‘Constructional steelwork is now a very efficient, very slick industry. Three-dimensional modelling has spread quickly among members, which shows that we are receptive to advances in technology that increase our productivity and effectiveness. Three-dimensional modelling came of age in 1992 when I started as chairman of the committee, which was a big breakthrough, as was CNC manufacturing. Just in time manufacturing is another major area of progress.

The machines from manufacturers like Kaltenbach, Ficep and Peddinghaus have also been a great help. It costs about £500,000 for just one of these machines today, which is an effective barrier to entry to those who might not be prepared to be there for the long haul. As a result of major investment in all this sort of equipment we have cut lead times in half. We moved from being a craft based to being a high tech industry very quickly.’

Mr Taylor is proud that very few companies that could be members of BCSA fail to recognise the benefits and join. ‘There is no major steelwork contractor today which isn’t a member.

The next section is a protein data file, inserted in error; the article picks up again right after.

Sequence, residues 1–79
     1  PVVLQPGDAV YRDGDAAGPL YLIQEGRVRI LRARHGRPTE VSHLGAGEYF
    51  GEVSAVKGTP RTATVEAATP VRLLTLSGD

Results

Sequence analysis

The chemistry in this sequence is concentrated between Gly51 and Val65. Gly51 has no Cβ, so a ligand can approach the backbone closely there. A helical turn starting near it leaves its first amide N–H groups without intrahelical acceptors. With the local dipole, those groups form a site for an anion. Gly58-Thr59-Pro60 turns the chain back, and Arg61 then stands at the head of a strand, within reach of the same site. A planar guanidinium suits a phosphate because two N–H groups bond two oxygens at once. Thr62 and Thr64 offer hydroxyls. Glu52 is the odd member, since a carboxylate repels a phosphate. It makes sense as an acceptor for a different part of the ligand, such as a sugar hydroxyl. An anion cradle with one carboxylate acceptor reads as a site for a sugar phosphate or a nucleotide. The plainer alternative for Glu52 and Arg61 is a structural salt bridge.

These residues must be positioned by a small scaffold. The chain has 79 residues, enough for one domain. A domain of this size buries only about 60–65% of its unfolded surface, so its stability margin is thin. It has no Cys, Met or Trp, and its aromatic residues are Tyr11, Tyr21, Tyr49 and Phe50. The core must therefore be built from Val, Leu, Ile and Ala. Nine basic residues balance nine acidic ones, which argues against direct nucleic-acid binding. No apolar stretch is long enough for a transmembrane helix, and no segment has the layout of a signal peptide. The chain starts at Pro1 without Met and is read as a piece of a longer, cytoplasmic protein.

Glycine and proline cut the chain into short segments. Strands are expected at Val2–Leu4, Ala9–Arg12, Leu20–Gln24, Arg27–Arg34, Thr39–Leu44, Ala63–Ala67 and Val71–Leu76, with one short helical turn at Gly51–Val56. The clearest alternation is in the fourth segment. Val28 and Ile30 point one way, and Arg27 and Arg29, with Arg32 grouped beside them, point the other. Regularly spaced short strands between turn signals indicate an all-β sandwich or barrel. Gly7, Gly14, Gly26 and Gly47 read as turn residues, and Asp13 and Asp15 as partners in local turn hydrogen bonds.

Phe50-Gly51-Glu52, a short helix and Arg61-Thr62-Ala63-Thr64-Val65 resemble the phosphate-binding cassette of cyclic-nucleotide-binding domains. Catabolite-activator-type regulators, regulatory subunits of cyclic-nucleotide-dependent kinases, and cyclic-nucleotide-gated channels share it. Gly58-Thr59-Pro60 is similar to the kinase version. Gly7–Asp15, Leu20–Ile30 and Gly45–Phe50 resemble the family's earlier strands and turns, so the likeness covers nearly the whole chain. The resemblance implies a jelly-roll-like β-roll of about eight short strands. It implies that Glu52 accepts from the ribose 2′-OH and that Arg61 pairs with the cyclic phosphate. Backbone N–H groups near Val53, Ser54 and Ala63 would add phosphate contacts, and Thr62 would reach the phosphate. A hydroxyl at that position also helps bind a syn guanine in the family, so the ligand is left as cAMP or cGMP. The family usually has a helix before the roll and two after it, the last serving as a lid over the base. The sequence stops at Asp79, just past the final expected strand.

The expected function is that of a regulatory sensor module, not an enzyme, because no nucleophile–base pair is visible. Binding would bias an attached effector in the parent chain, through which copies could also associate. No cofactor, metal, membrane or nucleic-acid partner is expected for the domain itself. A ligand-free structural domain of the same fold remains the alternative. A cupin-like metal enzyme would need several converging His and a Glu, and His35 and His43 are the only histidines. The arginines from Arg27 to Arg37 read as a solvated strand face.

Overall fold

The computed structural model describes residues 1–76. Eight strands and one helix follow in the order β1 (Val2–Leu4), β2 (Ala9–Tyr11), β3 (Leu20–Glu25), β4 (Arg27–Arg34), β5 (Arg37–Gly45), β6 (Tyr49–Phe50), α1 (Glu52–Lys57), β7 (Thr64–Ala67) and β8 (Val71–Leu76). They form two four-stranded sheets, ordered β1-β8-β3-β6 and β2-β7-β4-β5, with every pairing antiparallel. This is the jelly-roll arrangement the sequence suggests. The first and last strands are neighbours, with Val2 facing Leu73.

‘At the risk of tempting fate, we can safely say that there are no clouds on the horizon for structural steelwork or the BCSA’s members. Nobody can predict recessions of course, but that would affect the entire construction industry and not the position of the steelwork sector within it.

‘Some 60% of our business is in the industrial sector and this looks rock firm. Our market share has shot up and is at record levels so this is perhaps a good time to take a step back and let someone else take the reins.’

He stresses that he sees the committee as part of the industry’s success story, although he modestly rejects the view that it was a cause of it:’ We have been a supporter of the success, not a leader of it. We have been a forum where some ideas were either first proposed or were discussed and developed.

‘It was an extremely interesting 14 years and I am sure my successor, Andy Holmes of Westok, will be able to report continued success for the constructional steelwork sector after his term of office.’